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Protect and serve means helping the needy too

Re: Deputies should catch criminals, not help needy, Jan. 22 letter

Editor: The Grinch, or at least a reasonable facsimile, is alive and kicking in Pasco County. Apparently, our resident Grinch thinks it is "ludicrous that deputies offer necessities to the needy."

I have always assumed that the name of the game is to protect and to serve. This does not mean walking up to a needy person's door with a silver tray laden down with caviar, but performing a simple act of kindness by our deputies who are all too frequently maligned by the general public.

Here we have a golden opportunity not only to help those in need, but to show the public that dealing with criminals is not their sole purpose. A simple offer of help to those less fortunate can go a long way toward not only healing the wounds of community misunderstanding, but placing law enforcement officers in a position of respect that they have long deserved.

Barb Capodanno, New Port Richey

Elementary students' safety is more important than speed

Editor: I walk my son and my neighbor's daughter to school at Pine View Elementary. On a daily basis I view many drivers ignoring the 15 mph speed limit through the school zone and failing to yield to pedestrians. People just passing through on their way to work, or wherever they may be going, might not take the time to notice the signs. However, parents and bus drivers that frequent this road every day have no excuse.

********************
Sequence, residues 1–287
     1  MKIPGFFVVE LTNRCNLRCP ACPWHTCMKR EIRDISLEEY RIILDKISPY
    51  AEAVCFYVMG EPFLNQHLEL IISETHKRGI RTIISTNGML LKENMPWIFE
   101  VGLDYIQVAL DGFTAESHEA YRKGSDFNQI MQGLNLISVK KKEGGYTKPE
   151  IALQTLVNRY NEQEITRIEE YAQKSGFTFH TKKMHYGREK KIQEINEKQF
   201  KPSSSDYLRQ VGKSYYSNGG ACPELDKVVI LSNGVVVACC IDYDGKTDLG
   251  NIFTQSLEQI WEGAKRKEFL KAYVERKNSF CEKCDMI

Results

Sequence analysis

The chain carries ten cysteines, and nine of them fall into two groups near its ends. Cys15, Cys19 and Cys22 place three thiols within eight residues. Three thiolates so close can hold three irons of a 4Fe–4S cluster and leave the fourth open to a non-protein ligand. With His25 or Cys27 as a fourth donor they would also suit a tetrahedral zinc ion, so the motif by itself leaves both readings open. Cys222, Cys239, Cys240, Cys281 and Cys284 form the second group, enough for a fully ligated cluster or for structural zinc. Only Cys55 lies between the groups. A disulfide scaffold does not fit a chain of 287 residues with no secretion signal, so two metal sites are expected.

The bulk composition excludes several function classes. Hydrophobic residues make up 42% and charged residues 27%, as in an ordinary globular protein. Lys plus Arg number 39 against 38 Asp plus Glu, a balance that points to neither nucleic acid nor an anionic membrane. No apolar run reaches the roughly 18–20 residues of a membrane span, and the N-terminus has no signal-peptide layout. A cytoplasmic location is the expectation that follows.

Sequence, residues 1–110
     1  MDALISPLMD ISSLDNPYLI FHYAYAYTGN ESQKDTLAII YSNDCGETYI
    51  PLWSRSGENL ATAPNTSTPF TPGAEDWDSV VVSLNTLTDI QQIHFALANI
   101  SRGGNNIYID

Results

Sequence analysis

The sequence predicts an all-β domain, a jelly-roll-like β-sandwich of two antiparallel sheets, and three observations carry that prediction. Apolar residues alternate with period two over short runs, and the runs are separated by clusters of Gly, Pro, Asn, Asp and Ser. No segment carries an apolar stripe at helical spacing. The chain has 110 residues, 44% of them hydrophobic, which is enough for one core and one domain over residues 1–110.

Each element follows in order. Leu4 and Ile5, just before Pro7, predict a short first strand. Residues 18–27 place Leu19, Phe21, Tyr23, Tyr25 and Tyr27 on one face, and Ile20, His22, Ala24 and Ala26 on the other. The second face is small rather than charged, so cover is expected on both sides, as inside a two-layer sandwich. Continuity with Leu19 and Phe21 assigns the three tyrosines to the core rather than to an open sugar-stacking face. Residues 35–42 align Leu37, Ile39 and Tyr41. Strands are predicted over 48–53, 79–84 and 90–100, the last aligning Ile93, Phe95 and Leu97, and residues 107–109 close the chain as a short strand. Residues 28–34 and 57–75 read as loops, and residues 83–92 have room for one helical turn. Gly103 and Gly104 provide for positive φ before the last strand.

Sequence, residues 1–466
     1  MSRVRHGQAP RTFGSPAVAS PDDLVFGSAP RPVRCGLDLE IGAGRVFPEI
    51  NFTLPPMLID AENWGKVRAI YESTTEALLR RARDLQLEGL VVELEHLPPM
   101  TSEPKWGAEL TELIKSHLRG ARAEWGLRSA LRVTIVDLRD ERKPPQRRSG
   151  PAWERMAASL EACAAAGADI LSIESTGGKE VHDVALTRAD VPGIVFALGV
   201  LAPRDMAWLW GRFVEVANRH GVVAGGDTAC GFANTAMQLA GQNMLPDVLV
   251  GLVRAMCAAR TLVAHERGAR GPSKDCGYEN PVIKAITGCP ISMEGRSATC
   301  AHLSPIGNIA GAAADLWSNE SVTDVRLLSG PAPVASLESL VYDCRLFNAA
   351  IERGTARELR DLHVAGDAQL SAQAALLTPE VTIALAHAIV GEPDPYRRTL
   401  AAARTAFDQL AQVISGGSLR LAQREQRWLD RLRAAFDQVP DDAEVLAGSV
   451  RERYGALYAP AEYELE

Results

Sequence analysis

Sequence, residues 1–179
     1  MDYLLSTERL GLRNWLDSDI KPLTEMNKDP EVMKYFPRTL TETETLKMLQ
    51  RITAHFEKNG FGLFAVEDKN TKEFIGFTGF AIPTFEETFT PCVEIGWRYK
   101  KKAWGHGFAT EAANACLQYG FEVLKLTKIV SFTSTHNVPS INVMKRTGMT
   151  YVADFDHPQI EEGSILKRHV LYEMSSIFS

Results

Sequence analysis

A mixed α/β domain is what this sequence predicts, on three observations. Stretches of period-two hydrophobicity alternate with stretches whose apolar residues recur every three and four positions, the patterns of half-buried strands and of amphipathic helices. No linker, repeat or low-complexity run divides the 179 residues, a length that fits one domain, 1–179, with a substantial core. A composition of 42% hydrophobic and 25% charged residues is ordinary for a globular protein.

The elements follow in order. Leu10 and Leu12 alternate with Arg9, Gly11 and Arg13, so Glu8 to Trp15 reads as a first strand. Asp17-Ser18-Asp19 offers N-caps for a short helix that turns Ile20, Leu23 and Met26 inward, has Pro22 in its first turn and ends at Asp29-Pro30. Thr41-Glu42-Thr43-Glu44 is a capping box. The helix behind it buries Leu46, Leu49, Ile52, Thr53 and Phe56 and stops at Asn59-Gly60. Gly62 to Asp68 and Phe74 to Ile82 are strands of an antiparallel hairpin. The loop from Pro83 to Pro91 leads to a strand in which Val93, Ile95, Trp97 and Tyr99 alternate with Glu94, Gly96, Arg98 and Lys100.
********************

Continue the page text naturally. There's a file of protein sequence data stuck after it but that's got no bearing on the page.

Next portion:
On Jan. 23, I observed a bus driver doing well over the speed limit in the school zone. It incensed me enough that I spoke to her about it. She claimed she never goes over 30 mph at any time. Nevertheless, when I pointed out that the speed limit was 15 mph, she said she was in a hurry to get to school to fill out a mountain of paperwork.

On another occasion the children and I had to run across the crosswalk to avoid being struck by a parent speeding out of the school parking lot. I spoke to Pine View's administrators concerning this matter and they said they have contacted the sheriff's department for more policing of the area and also reminded parents of the rules of the road in the school's newsletter. Since the beginning of the school year, I have seen sheriff's vehicles patrolling the area on two occasions.

Mountains of paperwork, being late for work or whatever the reason _ there is no excuse for disobeying these laws. It is only a matter of time until a child is hurt or worse if this situation continues. I would hope that all drivers would heed the laws concerning school zones, especially the parents and the bus drivers of the very children who attend this school.

Karen D. Bell, Land O'Lakes

Third auto accident signals need for traffic light at intersection

Editor: On Jan. 22, for the third time, a very serious accident occurred as people attempted to drive across the intersection of Trinity Oaks and Mitchell boulevards coming from the Trinity Outpatient Facility or YMCA to enter the Trinity Oaks development.

How long do we have to wait before the Transportation Department remedies the situation with a traffic light? Let's hope it's before someone dies.